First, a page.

Power & Pipes

FERC, CFTC, and State Energy Law Developments

Effective April 1, energy storage resources will have more options to participate in ISO New England’s (ISO-NE’s) markets, subject to new rules accommodating storage resources that were approved by the Federal Energy Regulatory Commission (FERC) on February 25. The new market rules reflect a first of their kind in ISO-NE, and are a product of ISO-NE’s work to build on existing rules initially designed for pumped storage hydroelectric resources.

Under the new rules, emerging electric storage technologies can be dispatched in ISO-NE’s real-time energy market “in a manner that more fully recognizes their ability to transition continuously and rapidly between a charging state and a discharging state and provide a means for their simultaneous participation in the energy, reserves, and regulation markets.” A key component of the new framework is a new asset category for storage resources called the “Continuous Storage Facility,” which is a resource that is 5 MW or larger and can switch between maximum output and maximum consumption in 10 minutes or less.​ Continuous Storage Facilities are registered as three asset types: (1) an alternative technology regulation resource; (2) a generation resource; and (3) a demand resource. As ISO-NE made clear, “[t]he three asset types, combined together, represent the single physical asset.” In other words, the new storage rules distinguish between the resource’s physical plant (e.g., the battery) and the three different ways in which that single piece of equipment can be modeled by ISO-NE.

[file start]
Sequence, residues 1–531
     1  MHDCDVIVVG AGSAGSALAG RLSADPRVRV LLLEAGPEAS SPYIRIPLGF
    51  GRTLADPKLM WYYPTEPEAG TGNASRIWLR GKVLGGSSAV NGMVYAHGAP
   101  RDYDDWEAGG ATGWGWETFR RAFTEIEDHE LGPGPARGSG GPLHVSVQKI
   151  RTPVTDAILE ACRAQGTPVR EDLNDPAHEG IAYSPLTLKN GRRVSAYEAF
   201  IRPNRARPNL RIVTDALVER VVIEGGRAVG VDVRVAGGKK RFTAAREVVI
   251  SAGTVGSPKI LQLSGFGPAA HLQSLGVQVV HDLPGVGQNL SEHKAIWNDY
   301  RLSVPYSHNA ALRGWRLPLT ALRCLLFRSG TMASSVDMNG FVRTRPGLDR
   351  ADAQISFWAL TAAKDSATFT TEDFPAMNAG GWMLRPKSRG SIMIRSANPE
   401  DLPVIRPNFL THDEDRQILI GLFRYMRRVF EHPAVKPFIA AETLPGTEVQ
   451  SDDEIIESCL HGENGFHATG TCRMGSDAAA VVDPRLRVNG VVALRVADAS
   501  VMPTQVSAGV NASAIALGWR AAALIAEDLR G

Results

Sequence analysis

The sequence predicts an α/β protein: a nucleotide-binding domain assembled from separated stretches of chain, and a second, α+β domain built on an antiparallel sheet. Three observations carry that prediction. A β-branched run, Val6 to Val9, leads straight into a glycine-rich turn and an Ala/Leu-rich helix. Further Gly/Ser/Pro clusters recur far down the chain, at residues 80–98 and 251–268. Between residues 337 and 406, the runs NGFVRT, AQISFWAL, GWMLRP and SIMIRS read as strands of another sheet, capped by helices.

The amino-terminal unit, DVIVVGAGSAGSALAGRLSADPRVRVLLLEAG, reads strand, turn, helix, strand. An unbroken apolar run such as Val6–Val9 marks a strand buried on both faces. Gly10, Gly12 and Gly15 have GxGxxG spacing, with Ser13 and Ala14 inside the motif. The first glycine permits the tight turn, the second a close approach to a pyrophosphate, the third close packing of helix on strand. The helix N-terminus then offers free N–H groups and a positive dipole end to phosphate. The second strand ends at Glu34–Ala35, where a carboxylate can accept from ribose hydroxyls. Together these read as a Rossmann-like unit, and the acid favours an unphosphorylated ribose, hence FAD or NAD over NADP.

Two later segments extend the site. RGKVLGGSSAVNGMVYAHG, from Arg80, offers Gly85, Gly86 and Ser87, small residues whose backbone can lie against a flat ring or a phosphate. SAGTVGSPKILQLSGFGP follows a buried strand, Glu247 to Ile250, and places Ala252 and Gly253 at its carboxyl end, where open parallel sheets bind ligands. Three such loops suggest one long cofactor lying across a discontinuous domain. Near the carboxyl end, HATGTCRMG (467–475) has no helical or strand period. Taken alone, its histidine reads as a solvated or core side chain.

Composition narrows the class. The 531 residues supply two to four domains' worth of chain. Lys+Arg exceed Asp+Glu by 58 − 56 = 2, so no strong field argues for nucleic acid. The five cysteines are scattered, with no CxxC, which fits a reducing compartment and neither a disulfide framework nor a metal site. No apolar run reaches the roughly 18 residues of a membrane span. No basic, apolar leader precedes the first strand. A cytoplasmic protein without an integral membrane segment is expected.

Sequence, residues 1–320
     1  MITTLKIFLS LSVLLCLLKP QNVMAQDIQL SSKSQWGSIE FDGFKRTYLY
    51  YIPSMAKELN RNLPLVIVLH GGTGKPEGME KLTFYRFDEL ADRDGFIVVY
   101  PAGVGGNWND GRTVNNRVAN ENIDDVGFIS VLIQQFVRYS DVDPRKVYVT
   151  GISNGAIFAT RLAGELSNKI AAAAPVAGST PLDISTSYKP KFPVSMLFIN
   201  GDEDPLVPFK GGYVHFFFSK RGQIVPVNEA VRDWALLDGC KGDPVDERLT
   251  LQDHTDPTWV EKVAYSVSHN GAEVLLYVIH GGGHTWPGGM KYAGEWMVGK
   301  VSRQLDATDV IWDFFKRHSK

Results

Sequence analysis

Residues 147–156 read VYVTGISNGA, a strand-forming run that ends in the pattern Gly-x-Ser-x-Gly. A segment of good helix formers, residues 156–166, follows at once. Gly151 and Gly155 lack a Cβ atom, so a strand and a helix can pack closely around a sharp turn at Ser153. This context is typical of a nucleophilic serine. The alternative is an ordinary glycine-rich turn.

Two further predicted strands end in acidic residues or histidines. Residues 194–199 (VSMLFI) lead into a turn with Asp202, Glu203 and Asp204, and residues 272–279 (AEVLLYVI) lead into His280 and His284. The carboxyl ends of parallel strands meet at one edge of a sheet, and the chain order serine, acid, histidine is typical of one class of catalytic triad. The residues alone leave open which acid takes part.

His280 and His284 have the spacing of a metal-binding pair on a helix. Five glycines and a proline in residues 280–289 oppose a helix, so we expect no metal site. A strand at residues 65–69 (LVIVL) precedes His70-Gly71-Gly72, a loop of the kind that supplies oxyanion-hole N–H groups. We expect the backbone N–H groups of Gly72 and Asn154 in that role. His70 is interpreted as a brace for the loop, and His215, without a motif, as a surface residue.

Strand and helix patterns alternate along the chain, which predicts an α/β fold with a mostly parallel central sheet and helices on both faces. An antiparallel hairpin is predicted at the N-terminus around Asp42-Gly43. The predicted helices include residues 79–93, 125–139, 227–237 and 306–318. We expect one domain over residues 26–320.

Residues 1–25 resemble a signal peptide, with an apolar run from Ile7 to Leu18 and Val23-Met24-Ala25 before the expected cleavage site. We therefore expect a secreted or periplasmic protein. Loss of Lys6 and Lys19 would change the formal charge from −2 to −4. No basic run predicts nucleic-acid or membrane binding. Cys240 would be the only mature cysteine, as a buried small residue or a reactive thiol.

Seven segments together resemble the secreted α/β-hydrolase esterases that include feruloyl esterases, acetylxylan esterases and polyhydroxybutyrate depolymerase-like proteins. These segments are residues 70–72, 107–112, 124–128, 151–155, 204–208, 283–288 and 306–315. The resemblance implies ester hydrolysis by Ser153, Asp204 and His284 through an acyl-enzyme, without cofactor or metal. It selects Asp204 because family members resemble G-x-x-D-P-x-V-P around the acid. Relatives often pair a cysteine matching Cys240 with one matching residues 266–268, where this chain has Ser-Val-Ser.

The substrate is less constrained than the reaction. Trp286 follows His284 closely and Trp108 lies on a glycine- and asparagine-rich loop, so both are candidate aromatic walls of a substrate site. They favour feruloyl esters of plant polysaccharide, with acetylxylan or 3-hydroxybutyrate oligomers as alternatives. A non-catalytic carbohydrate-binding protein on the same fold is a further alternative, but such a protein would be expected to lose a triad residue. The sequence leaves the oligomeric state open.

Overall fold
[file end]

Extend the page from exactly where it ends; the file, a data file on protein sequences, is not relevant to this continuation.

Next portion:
ISO-NE initially proposed these rules in October 2018 as part of a broader effort to enhance storage participation in the markets it administers. ISO-NE explained that the work it completed on these revised rules coincided with FERC’s Order No. 841, which was issued in February 2018. That order required grid operators to revise their tariffs by December 2018 to remove barriers to energy storage resources’ participation in wholesale energy, capacity, and ancillary services markets. At that time, ISO-NE determined that the changes it ultimately submitted to FERC in October 2018 would bring the region “a long way toward compliance with Order No. 841, but that some work would remain.” Thus, ISO-NE supplemented its October 2018 proposal with a separate compliance filing in December 2018 to bring the region in full compliance with Order No. 841. FERC has not yet ruled on the December 2018 filing, which is subject to comments by various intervenors. Indeed, in its latest order approving the ISO-NE’s October 2018 proposal, FERC noted that certain comments raised by the Energy Storage Association and other intervenors would be addressed in a FERC order addressing ISO-NE’s Order No. 841 compliance filing.

Nevertheless, the recently approved ISO-NE market rules concerning battery storage resources (i.e., Continuous Storage Facilities) represents (1) a major step forward for organized markets, and (2) a tremendous opportunity for battery storage developers. To date, ISO-NE has only 19 MW of battery storage resources participating in its markets under prior more restrictive rules. However, ISO-NE has more than 800 MW of battery storage proposals currently in its interconnection queue, and an additional 170 MWs of battery storage proposals in the interconnection queue that are co-located with wind and solar energy projects. As the ISO-NE rules take effect and storage resources continue to remain cost competitive with other generation resources, storage development and participation in the ISO-NE markets are expected to grow.